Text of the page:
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How to create a high speed FPGA SPI slave where SCLK cannot be sampled?

matrixofdynamism

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I need to design an SPI slave peripheral inside an FPGA that shall be used to communicate with a Microcontroller and configure the behaviour of the FPGA design. The SCLK and FPGA system clock frequency is close in range. This means that I cannot sample the SCLK continuously and use that to decide when to sample and shift the data from the SPI master. I have a few questions.
  1. If the SCLK input clock is almost of same order as the FPGA system clock? Does the clock signal connect directly into the FPGA registers? (b) If not then what is the alternative? I am in this situation where the FPGA system clock is not 4 times or more than the SCLK frequency.
  2. If (a) above is true then how do we write the timing constraints?
  3. The SCLK does not need to use global clock routing. Does this mean that any FPGA pin can be used for it?
How should such a slave be designed, and timing constrained and work in reliable way i.e all data is correctly transmitted into the FPGA system clock domain?
 

barry

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You've got two clock domains, SCLK and FPGA CLK. It doesn't matter how close or far apart they are in frequency, you still have to deal with it. Probably the easiest way is with a FIFO.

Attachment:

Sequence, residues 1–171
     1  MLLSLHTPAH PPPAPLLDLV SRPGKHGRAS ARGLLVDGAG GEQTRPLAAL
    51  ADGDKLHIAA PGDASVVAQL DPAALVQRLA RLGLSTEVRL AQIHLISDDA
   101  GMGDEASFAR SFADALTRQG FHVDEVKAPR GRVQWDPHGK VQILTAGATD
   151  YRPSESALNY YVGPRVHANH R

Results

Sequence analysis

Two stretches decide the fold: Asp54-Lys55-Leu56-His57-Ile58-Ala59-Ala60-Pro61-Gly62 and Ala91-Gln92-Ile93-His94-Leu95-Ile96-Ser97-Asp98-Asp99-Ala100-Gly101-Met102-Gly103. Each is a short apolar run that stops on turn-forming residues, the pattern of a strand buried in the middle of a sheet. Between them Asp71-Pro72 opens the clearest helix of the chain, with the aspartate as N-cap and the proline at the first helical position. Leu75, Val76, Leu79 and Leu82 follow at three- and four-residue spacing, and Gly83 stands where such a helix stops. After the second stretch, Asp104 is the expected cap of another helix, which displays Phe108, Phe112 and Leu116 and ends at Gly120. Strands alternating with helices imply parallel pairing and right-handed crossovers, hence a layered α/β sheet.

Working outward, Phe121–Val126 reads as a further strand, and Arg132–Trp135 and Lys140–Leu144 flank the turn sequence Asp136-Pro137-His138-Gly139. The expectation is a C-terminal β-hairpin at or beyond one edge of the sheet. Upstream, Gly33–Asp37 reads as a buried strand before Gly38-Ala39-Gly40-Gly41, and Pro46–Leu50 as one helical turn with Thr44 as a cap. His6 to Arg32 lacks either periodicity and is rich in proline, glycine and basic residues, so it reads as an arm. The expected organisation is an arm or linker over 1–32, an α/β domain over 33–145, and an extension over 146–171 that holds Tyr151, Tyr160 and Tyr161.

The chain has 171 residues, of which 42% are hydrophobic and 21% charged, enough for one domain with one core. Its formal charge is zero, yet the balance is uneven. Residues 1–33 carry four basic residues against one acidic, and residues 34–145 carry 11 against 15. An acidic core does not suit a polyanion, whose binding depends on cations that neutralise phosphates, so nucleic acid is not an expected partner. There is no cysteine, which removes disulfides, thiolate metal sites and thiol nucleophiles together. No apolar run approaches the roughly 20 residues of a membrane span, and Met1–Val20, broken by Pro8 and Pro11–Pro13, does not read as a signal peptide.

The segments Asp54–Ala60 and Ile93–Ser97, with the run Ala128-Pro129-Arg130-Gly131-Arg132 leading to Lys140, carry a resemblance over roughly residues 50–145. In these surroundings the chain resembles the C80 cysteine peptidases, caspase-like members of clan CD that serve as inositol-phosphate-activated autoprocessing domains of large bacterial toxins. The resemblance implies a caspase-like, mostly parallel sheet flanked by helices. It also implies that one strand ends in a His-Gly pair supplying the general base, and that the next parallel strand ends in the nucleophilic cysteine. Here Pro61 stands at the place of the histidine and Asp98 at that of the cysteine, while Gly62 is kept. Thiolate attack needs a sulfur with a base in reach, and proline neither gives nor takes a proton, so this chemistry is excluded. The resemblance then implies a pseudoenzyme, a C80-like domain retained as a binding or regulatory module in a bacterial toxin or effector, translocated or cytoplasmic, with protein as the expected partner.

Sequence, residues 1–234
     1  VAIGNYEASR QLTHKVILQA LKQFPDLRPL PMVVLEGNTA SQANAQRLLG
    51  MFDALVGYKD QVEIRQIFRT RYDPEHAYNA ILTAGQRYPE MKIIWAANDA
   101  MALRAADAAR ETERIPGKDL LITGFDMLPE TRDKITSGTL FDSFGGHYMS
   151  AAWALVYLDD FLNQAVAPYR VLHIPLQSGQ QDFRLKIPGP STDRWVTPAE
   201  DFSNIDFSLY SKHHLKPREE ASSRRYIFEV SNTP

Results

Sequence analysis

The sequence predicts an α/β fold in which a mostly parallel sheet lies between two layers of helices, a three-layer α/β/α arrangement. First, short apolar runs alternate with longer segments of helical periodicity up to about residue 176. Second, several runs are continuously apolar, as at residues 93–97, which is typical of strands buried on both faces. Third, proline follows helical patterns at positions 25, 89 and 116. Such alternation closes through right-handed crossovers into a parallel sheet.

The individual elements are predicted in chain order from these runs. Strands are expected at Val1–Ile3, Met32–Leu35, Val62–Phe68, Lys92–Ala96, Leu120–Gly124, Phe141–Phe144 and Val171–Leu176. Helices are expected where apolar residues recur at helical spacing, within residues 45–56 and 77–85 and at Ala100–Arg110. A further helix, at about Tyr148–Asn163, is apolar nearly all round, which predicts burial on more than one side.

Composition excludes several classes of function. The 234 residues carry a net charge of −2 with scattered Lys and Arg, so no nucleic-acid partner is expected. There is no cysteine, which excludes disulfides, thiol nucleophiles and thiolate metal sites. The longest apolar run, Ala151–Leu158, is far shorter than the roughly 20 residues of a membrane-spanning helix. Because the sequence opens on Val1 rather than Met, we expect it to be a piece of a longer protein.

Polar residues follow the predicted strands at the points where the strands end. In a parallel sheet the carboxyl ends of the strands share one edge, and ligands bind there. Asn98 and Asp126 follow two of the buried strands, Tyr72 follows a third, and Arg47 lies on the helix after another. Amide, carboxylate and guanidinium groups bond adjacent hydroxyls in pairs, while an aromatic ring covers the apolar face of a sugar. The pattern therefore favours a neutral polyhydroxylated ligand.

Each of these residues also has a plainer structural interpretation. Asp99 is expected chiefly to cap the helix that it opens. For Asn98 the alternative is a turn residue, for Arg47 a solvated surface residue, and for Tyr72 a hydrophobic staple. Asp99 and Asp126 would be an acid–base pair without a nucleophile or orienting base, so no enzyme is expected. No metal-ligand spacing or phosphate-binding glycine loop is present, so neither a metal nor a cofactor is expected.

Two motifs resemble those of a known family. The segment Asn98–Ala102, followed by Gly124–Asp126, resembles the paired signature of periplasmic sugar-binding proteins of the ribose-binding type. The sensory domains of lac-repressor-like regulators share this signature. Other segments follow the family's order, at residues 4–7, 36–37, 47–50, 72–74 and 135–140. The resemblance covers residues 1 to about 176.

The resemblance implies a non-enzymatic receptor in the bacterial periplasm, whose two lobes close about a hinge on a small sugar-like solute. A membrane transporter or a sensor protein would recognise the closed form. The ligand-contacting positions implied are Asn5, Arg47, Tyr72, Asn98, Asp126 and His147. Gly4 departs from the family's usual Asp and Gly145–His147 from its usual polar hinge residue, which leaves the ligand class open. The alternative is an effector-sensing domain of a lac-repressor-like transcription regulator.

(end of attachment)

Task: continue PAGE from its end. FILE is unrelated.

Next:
SCLK clocks data into a shift register. When a complete packet is received, write the shift register data to a FIFO using SCLK. Read from the FIFO using the FPGA clock.

Depending on speed, yes, you can use any GPIO pin as a clock input. Your timing analysis will tell you if there's a problem.
 

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SPI uses opposite edges to transmit and receive, so setup hold is generally easy to meet. Your timing constraints need to reflect the launch clock edge and the destination edge edge used for the transfer.

I would recommend using a global or local clock buffer for SCLK.

If you resort to not using a global or local clock routing and instead used fabric routing then you may end up with a design that intermittently fails to meet timing when you rebuild the design. I've seen this happen in designs as the shift register does not meet setup or hold on some of the bits due to large skew in the clock routing.
 

matrixofdynamism

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The uC SPI SCLK is 20MHz. The FPGA clock is 33MHz. I don't think I can sample the SCLK continuosly and then generate signals that detect rising and falling edge of SCLK and expect reliable operation since the FPGA system clock is not 4 times or more than the SCLK. Another issue is that the SCLK is not free running. It only toggles a few times when data is being transmitted.
 

barry

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The uC SPI SCLK is 20MHz. The FPGA clock is 33MHz. I don't think I can sample the SCLK continuosly and then generate signals that detect rising and falling edge of SCLK and expect reliable operation since the FPGA system clock is not 4 times or more than the SCLK. Another issue is that the SCLK is not free running. It only toggles a few times when data is being transmitted.

Reread post#2. You seem to be fixated on "sampling SCLK with the FPGA clock".